package com.example.xmlout.jaxb;

  import java.io.File;
  import java.util.ArrayList;
  import java.util.List;

  import javax.xml.bind.JAXBContext;
  import javax.xml.bind.JAXBException;
  import javax.xml.bind.Marshaller;

  /**
   * @author Rolan Liwanag
   */
  public class JAXBExampleMulti {
    public static void main(String[] args) {

      Customer customer1 = new Customer();
      customer1.setId(100);
      customer1.setName("somename");
      customer1.setAge(29);
      List contactList1 = new ArrayList();
	      
      Contact contact1a = new Contact();
      contact1a.setId(1);
      contact1a.setDesc("602-111-2222");
      contact1a.setType("mobile");
      contactList1.add(contact1a);
      
      Contact contact2a = new Contact();
      contact2a.setId(2);
      contact2a.setDesc("example@email.com");
      contact2a.setType("email");
      contactList1.add(contact2a);
	      
      Contact contact3a = new Contact();
      contact3a.setId(3);
      //this wont be included in the XML since value is null.
      contact3a.setDesc(null);
      contact3a.setType("address");
      contactList1.add(contact3a);
	      
      customer1.setContactList(contactList1);
      
      Customer customer2 = new Customer();
      customer2.setId(100);
      customer2.setName("rliwanag");
      customer2.setAge(29);
      List contactList2 = new ArrayList();
	      
      Contact contact1b = new Contact();
      contact1b.setId(1);
      contact1b.setDesc("602-222-2222");
      contact1b.setType("mobile");
      contactList2.add(contact1b);
	      
      Contact contact2b = new Contact();
      contact2b.setId(2);
      contact2b.setDesc("rolan@email.com");
      contact2b.setType("email");
      contactList2.add(contact2b);
	      
      Contact contact3b = new Contact();
      contact3b.setId(3);
      contact3b.setDesc("Phoenix, AZ");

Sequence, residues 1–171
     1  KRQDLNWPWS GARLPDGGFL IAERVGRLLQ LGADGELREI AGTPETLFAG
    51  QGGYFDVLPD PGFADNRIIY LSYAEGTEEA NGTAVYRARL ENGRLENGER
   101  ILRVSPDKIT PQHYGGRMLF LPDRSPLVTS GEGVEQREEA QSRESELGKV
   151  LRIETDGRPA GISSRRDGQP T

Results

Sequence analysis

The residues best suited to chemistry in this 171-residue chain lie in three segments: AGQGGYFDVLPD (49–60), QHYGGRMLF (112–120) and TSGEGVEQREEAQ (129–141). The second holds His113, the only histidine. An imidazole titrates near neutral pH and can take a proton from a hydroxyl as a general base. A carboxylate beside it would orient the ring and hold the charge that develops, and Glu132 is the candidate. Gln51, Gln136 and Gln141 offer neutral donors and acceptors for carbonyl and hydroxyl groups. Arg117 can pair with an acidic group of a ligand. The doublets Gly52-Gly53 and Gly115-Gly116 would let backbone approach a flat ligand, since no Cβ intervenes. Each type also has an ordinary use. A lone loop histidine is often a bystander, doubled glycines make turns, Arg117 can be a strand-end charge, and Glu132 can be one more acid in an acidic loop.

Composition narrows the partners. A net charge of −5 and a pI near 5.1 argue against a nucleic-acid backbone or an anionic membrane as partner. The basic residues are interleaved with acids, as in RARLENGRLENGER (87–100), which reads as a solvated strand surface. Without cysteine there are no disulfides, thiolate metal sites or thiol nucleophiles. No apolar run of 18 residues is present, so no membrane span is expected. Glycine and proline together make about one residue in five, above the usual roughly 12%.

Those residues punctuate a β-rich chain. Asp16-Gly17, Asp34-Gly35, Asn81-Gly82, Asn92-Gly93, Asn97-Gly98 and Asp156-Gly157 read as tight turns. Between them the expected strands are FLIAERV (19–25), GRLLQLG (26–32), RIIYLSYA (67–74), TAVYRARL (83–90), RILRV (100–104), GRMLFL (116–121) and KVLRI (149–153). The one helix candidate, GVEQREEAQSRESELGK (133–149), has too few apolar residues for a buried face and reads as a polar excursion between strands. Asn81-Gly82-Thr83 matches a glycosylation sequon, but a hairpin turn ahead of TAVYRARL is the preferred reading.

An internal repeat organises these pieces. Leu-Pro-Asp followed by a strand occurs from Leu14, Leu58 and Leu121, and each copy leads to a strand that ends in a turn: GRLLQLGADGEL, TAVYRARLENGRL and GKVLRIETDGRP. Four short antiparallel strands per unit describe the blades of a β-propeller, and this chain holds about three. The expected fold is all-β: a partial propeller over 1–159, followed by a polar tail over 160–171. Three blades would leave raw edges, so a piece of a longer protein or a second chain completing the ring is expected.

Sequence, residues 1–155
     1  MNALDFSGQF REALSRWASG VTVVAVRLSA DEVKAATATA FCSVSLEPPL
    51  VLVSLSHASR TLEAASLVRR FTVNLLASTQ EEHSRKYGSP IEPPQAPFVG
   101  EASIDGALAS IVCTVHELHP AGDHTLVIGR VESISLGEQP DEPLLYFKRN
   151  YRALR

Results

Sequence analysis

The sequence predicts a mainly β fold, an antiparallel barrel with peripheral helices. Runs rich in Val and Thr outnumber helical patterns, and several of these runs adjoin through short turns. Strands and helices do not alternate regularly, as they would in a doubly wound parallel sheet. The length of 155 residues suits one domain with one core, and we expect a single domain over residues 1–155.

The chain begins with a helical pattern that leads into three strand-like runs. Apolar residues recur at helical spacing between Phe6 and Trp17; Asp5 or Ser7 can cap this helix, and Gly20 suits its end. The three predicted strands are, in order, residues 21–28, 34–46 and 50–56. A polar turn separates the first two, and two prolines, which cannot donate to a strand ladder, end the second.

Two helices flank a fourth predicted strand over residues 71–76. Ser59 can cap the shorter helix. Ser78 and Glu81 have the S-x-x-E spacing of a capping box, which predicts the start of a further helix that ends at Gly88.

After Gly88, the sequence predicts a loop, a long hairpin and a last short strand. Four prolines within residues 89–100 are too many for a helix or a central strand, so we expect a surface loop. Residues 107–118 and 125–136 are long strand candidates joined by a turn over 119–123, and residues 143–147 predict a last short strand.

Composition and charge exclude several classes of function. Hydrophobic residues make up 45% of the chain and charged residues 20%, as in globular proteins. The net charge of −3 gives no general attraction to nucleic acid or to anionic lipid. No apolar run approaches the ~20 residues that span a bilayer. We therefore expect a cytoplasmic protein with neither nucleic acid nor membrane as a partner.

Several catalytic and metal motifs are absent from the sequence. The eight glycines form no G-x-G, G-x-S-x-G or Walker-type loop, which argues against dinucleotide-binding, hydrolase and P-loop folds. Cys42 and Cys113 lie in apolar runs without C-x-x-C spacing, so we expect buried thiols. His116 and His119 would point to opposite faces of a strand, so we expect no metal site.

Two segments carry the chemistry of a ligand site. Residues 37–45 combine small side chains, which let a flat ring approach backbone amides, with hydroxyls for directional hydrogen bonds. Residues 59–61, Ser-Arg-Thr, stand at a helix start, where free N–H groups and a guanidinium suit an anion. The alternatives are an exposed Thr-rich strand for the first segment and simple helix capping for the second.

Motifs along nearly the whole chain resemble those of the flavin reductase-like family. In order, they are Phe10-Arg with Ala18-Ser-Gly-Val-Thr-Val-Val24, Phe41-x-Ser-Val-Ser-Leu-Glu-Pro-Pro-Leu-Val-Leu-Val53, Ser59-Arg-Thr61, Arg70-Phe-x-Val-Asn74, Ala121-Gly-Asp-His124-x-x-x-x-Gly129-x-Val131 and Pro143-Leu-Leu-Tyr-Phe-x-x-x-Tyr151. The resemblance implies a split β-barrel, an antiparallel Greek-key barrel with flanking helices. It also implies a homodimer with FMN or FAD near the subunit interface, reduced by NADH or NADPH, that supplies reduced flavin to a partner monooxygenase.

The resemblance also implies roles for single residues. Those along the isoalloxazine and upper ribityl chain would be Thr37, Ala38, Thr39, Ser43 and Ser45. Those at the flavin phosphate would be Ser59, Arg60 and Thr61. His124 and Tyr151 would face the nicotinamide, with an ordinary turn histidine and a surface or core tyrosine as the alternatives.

contact3b.setType("address");
      contactList2.add(contact3b);
	      
      customer2.setContactList(contactList2);
	      
      List customerList = new ArrayList();
      customerList.add(customer1);
      customerList.add(customer2);
      try {
        JAXBContext jaxbContext 
          = JAXBContext.newInstance(Customer.class);
        Marshaller jaxbMarshaller 
          = jaxbContext.createMarshaller();
        // output pretty printed
        jaxbMarshaller.setProperty(
          Marshaller.JAXB_FORMATTED_OUTPUT, true);
        for(int i=0; i<customerList.size(); i++) {
          Customer customer = customerList.get(i);
          File file 
            = new File(
              "C:/workspace/CoreExample/outputFile/xmlFileJaxb_" 
              + i + ".xml");
          jaxbMarshaller.marshal(customer, file);
          jaxbMarshaller.marshal(customer, System.out);
        }
      } catch (JAXBException e) {
        e.printStackTrace();
      }
    }
  }
                            


Summarizing the idea regarding the code shown above, the firswt part is more of initializing several 'Customer' object with either 1 or many 'Contact' object associated to each. The latter part of the code is simply generating the XML file for each 'Customer' object by invoking the 'marshal' method of the 'javax.xml.bind.Marshaller' instance. In this example, we have learned how to use Java objects to generate XML documents using the Java Architecture for XML Binding or JAXB.